Police have set procedures for responding to domestic violence, but when one of their own or a high-ranking public official is accused, guidelines for handling these potentially conflict-laden calls are rare in Minnesota.

Measures introduced this legislative session would require all of Minnesota’s 400-plus law enforcement agencies to adopt a policy on handling such calls and investigations. Specifically, they would require the state’s police licensing board — the Minnesota Police Officer Standards and Training (POST) Board — to develop a model and mandate that all agencies write up their own.

A Star Tribune investigation last year found that more than 500 sworn officers were convicted of crimes since 1995, with nearly 1 in 10 of those convictions stemming from a domestic altercation. Just four officers with domestic-related convictions lost their state law enforcement licenses.

While neither bill got a hearing in this year’s short legislative session ending May 21, there is a chance lawmakers could fold them into this year’s omnibus public safety bill. If not, both authors plan to reintroduce the bills next year.

A number of cases highlighting the issue made local headlines in recent years. In 2016, a Republican Party-endorsed candidate for the House was arrested in Burnsville after throwing his wife to the ground and choking her son during a fight over some pizza. Bradly Gerten was convicted of felony and misdemeanor domestic assault.

Last year, St. Paul officer Joseph R. Labathe was arrested in Woodbury on suspicion of domestic assault after striking his girlfriend’s arm with a car he was reversing during a dispute. Labathe pleaded guilty to disorderly conduct. The same year, the Minneapolis Police Department fired rookie officer Ahmed Jama after he was charged with threatening to shoot his wife in the head. The charges were later dropped when his wife recanted and refused to testify.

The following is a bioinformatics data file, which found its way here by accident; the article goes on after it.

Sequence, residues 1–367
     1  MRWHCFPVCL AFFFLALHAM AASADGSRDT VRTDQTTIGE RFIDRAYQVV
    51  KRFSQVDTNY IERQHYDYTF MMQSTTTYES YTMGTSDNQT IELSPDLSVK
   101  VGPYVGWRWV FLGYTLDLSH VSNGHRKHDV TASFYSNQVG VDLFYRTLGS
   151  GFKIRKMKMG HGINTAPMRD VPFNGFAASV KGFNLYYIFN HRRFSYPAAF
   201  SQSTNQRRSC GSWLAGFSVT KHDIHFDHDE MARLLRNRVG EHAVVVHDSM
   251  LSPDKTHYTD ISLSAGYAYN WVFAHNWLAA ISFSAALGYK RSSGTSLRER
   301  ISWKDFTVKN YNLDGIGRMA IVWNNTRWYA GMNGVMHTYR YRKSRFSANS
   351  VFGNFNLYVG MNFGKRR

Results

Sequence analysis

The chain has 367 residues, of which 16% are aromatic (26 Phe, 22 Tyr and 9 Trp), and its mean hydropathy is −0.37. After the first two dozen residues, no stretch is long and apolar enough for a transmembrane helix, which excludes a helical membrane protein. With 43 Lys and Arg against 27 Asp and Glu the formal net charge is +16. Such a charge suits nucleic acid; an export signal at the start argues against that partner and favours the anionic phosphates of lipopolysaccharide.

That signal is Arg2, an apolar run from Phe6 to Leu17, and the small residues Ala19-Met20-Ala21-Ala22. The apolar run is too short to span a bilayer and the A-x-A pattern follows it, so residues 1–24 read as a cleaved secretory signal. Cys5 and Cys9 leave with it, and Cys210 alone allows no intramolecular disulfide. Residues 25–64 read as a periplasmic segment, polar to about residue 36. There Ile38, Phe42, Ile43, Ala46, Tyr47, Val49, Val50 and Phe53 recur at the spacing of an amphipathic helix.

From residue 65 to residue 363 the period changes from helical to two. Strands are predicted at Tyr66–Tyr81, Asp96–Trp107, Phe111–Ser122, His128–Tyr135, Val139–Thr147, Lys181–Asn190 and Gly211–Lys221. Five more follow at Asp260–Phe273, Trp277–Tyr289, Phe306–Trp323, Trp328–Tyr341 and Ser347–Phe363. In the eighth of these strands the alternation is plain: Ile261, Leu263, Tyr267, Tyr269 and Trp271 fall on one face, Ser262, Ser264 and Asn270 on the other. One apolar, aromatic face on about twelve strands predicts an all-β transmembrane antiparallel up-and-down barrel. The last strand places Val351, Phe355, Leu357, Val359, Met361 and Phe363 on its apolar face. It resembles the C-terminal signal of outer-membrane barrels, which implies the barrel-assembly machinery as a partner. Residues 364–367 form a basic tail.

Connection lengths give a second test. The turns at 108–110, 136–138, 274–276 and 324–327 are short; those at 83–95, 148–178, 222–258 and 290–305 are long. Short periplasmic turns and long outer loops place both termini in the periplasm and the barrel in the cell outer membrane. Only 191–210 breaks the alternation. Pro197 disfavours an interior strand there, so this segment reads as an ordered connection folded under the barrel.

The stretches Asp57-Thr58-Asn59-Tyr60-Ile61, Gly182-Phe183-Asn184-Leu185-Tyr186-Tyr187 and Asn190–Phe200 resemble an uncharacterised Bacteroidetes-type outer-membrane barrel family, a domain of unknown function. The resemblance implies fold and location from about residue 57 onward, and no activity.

The measure’s author, Rep. Nick Zerwas, R-Elk River, called it “common sense” that police departments should have a uniform set of standards for approaching these types of incidents, while Sen. Ron Latz, DFL-St. Louis Park, chief author on the Senate side, said he hasn’t heard of any pushback.

The POST Board, an independent state regulatory board that’s part of the executive branch, is charged with setting and enforcing standards of conduct for the state’s licensed peace officers. Neither the POST Board nor the Minnesota Police and Peace Officers Association, which represents union members, has taken a position on the bills. POST Board head Nathan Gove said he’s made recommendations on logistics should the Legislature pass such a requirement. Establishing such a model policy would cost up to $5,000, primarily for staff costs, he said.

Dave Metusalem, head of the Minnesota Police and Peace Officers Association, said most law enforcement agencies already have “extensive” policies and procedures on the books for handling alleged criminal acts by officers. Metusalem said he’s not aware of any recent domestic violence cases that would indicate that this is a widespread problem in the law enforcement community, but he said his organization takes domestic violence seriously and is open to discussing ways to improve the system.

Safia Khan, a program manager at the Minnesota Coalition for Battered Women, said her group does not think domestic violence is any more widespread in law enforcement than in the general population. But victims are less likely to call for help when their abusers are police or in high-profile positions.

Several states have model policies on officer-involved domestic violence, said Mark Wynn, a former Nashville police lieutenant who consults worldwide on police domestic violence. But they’re voluntary and not mandated, Wynn said. Wynn said he’s aware of only two states that require law enforcement agencies to establish a written policy.

“I think we should do that in every state,” Wynn said in an interview. “When it’s mandatory, then you see things change.”